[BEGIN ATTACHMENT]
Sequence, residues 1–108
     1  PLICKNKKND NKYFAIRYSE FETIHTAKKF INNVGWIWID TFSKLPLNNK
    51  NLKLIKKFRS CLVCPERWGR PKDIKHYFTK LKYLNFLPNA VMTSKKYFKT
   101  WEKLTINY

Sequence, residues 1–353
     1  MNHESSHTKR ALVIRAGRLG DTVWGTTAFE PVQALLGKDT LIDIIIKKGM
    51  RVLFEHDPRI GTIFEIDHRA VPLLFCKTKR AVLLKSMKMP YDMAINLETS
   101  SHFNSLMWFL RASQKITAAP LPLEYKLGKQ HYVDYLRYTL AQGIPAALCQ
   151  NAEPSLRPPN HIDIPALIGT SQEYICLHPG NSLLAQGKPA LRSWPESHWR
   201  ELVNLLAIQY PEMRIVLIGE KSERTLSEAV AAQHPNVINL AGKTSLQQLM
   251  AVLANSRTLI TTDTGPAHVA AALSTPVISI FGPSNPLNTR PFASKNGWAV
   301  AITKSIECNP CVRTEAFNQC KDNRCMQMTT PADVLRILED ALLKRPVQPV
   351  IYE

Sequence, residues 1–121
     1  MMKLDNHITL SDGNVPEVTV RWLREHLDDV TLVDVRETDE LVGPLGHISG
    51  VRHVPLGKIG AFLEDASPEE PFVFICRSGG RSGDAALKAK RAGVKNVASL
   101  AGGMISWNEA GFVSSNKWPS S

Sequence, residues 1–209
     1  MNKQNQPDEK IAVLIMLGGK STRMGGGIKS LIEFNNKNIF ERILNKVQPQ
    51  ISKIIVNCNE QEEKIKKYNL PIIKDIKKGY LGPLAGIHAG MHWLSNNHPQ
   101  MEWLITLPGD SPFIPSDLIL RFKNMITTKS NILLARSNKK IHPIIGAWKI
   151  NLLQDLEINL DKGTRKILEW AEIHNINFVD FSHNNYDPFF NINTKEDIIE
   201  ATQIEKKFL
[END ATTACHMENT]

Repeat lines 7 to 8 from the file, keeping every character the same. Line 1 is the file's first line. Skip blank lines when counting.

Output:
    51  RVLFEHDPRI GTIFEIDHRA VPLLFCKTKR AVLLKSMKMP YDMAINLETS
   101  SHFNSLMWFL RASQKITAAP LPLEYKLGKQ HYVDYLRYTL AQGIPAALCQ